President Barack Obama stared into the ninety square feet of cell 123 at an Oklahoma prison and imagined it occupied by three men.
“Three full-grown men in a nine-by-ten cell,” Obama said to reporters on Thursday after a tour of an empty cell block at Federal Correctional Institution El Reno. “Overcrowding like that is something that has to be addressed.”
Obama wants to overhaul the U.S. criminal justice system, and is starting by taking a more intimate look at life behind bars than any of his predecessors. He has met with 10 current and former prisoners in the past week and swapped letters with dozens more, trying to better understand America’s expansive prison system through the eyes of inmates.
On Thursday, Obama became the first sitting president to visit a federal prison, touring the medium-security El Reno facility, about 30 miles (48 km) west of Oklahoma City. Worlds away from the gourmet meals and ornate floral arrangements of the White House, Obama peered into a tiny, spare cell.
Magazines and notebooks sat on a small nightstand between two bunk beds. Six rolls of toilet paper were stacked on the ground in two neat columns. A single pair of worn shoes sat under one of the beds.
On one wall of the cell block, a mural read, “We are a community. Together we strive for change.” The block had been emptied for Obama’s visit.
In a conversation with a small group of inmates that will air later this year as part of HBO’s “Vice” documentary series, Obama said he had been struck by the circumstances that had landed the men in the prison. The discussion was closed to reporters other than Vice’s journalists.
“These are young people who made mistakes that aren’t that different from the mistakes I made, and the mistakes that a lot of you guys made,” he told reporters. “The difference is that they did not have the kind of support structures, the second chances, the resources that would allow them to survive those mistakes.”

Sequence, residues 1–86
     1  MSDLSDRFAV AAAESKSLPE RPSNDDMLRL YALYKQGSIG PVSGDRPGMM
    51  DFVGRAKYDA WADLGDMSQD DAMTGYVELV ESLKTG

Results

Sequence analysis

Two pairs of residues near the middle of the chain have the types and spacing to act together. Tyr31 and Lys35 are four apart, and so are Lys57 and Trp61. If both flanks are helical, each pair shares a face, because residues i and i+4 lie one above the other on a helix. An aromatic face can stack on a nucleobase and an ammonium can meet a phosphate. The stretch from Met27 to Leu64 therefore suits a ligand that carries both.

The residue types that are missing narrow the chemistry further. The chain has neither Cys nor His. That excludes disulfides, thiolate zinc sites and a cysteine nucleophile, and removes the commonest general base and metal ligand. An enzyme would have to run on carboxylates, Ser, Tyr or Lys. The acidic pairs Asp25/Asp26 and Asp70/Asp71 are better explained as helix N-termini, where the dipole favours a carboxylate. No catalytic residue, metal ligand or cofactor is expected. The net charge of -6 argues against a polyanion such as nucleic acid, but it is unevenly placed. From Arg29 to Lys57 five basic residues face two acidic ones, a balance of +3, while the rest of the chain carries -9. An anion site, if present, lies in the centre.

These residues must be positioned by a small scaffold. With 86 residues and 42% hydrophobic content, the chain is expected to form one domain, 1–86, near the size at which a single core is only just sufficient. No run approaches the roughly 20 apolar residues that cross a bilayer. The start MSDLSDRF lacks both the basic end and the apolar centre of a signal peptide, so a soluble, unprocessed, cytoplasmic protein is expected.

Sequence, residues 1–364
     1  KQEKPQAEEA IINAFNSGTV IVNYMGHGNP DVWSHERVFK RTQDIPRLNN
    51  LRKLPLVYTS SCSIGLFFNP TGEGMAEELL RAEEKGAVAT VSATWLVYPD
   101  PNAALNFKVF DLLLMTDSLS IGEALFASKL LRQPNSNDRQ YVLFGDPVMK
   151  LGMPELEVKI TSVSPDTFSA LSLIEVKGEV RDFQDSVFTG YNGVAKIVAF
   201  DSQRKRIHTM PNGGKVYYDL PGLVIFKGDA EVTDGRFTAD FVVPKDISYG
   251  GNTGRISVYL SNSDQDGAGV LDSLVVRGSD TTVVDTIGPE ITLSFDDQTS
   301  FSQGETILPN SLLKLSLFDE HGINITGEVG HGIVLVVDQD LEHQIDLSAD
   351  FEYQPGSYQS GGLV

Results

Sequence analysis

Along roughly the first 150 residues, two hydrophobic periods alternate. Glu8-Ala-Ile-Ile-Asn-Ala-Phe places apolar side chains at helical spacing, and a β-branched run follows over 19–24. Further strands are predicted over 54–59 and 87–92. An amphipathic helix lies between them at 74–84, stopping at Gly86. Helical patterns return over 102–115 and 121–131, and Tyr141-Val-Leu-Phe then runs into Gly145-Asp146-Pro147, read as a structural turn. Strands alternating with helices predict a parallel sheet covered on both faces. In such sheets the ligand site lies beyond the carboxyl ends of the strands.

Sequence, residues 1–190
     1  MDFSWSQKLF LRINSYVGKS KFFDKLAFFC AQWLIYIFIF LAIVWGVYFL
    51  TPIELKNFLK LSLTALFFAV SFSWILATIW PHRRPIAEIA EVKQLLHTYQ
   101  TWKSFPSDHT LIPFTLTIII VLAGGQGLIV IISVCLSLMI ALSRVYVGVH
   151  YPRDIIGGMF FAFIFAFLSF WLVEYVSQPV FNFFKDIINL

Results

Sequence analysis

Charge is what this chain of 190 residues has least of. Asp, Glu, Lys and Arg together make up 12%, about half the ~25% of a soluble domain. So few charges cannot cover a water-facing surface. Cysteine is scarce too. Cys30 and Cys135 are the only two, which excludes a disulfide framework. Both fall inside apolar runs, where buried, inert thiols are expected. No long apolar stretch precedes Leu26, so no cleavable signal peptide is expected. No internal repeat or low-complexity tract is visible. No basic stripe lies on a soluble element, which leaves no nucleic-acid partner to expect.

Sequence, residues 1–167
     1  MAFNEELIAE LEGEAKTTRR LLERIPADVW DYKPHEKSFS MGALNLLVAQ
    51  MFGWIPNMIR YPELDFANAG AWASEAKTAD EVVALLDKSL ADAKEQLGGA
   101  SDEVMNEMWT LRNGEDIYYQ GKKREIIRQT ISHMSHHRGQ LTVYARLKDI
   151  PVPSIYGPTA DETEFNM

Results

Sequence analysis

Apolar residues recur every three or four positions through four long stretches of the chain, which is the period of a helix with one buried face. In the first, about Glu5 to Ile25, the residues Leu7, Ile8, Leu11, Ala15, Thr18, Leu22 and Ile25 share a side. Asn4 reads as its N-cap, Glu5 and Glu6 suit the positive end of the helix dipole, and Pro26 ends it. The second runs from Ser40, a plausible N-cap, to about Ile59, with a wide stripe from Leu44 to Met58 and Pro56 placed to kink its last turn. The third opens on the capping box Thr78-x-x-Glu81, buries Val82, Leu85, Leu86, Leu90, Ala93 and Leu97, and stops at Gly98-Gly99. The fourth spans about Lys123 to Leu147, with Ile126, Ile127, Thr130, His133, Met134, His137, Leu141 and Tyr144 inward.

Republicans in Congress have shown interest in scaling back the government’s $80 billion-a-year prison system, offering Obama an opportunity to press for legislation reducing sentences for nonviolent crimes.
Tough-on-crime laws signed by Obama’s predecessors led to a quadrupling of the U.S. prison population since 1980, to 2.2 million, the largest in the world. The rate of incarceration in the U.S., at 716 per 100,000 of population, is the highest in the developed world, according to the International Center for Prison Studies at the U.K.’s University of Essex.
Obama has sought to humanize prisoners, drawing distinctions between violent criminals deserving of lengthy incarceration and people whose relatively harmless mistakes have drawn comparatively long sentences.
“We have a tendency sometimes to take for granted or think it’s normal that so many young people end up in our criminal justice system,” Obama said at El Reno. “It’s not normal; it’s not what happens in other countries. What is normal is teenagers doing stupid things. What is normal is young people who make mistakes.”
Obama wants legislation that would reduce sentences for non-violent drug offenders, who he said sometimes spend more than 20 years in prison. The harsh sentencing laws often disproportionately affect black and Hispanic men, NAACP president Cornell William Brooks said this week during the group’s annual conference in Philadelphia.
On Monday, the president granted clemency to 46 prisoners jailed for drug offenses, writing personal letters to each of them and telling them in a video message that “America is, in its heart, a nation of second chances.” It was the most commutations issued in one day by any president since Lyndon B. Johnson.
Obama has also called for improved conditions in prisons, to safeguard inmates from violence and mental illness while locked up. He wants more rehabilitation programs and directed Attorney General Loretta Lynch to study how solitary confinement is used.
Some religious leaders have urged Obama to take executive action to curb solitary confinement, calling the practice a form of torture. Ron Stief, executive director of the National Religious Campaign Against Torture, wrote to Obama this week urging him to visit one of the cells where inmates stay for as many as 23 hours a day.
“You have been an outspoken critic of torture,” Stief said in the July 13 letter. “You should not remain silent when it comes to solitary confinement.”
Obama did not mention solitary confinement in his statement to reporters after touring the prison.